By Niina Heikkinen and ClimateWire
30 June 2015
(ClimateWire) – Pink salmon are providing researchers with sobering hints to how carbon dioxide-induced acidity could affect freshwater fish species by the end of the 21st century.
A study published yesterday in Nature Climate Change showed that early exposure to high levels of CO2 during the larval stage of development had significant negative effects on the fish’s size, metabolism and ability to sense threats in their environment.
The study was among the first to look at how different CO2 levels could affect fish larvae in fresh water, according to the lead author, Michelle Ou, a former master’s student at the University of British Columbia in Vancouver.
“We didn’t actually expect to see so many effects,” she said. “We were just poking around to see what we could find.”
Pink salmon seemed like a good species to start with. Not only are the fish abundant and economically important, but they also serve as a keystone species in marine, freshwater and terrestrial ecosystems, according to the researchers. Although pink salmon spend their adulthood in the open ocean, their first weeks of life are in freshwater streams. Once they have matured from larvae to fry, the fish leave the streams where they hatched and swim to the open ocean. Later, as adults, the fish will return to the same streams to spawn.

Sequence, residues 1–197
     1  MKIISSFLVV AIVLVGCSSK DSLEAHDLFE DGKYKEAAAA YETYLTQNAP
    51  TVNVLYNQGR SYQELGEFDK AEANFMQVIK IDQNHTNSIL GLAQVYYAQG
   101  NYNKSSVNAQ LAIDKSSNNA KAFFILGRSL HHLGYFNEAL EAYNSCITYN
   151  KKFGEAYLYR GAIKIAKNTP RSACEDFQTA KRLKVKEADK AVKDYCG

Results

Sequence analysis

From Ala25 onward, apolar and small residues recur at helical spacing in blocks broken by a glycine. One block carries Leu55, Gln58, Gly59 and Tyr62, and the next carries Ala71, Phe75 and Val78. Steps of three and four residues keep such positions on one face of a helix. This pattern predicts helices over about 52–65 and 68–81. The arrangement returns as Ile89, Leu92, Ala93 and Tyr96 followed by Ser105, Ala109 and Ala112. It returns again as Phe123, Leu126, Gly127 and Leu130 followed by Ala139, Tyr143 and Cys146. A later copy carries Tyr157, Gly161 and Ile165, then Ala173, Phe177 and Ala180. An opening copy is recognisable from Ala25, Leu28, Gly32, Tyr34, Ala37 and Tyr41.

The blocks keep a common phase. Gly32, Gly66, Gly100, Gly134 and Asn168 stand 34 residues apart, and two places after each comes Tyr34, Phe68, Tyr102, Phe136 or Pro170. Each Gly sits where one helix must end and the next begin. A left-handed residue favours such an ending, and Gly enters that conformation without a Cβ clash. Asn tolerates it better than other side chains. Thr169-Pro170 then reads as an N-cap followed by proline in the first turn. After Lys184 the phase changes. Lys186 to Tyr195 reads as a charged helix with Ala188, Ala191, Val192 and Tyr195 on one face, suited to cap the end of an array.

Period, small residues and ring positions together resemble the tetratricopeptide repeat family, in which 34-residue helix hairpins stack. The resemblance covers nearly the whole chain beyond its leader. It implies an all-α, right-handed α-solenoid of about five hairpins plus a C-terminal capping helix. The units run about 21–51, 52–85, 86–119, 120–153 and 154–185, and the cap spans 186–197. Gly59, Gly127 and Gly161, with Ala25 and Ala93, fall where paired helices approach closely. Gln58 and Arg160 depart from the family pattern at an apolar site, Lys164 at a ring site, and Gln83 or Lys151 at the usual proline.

Ou and her colleagues at UBC created an experiment to test how fish were responding not only to ambient CO2 concentrations but also to acidity levels expected by 2100.
After obtaining salmon embryos from a hatchery, the researchers transferred them into freshwater flow-through tanks with either ambient, high or variable concentrations of CO2. After 10 weeks, they tested the baby fish to see whether or not their development had been affected by the different conditions.
They found that not only were they smaller and lighter, but the fish’s senses were also impaired. The pink salmon larvae were more bold around new objects and did not seem to be afraid of alarm cues in the water that would normally prompt fish to flee.
The fish also had an impaired sense of smell that prevented them from recognizing specific amino acids associated with the streams where they were born. This was significant because recognition of those amino acids is believed to play an important role in the fish’s navigational ability, said Ou.
“Think of it as a smell fingerprint of their natal stream, and they use that to find their way home,” she said. [more]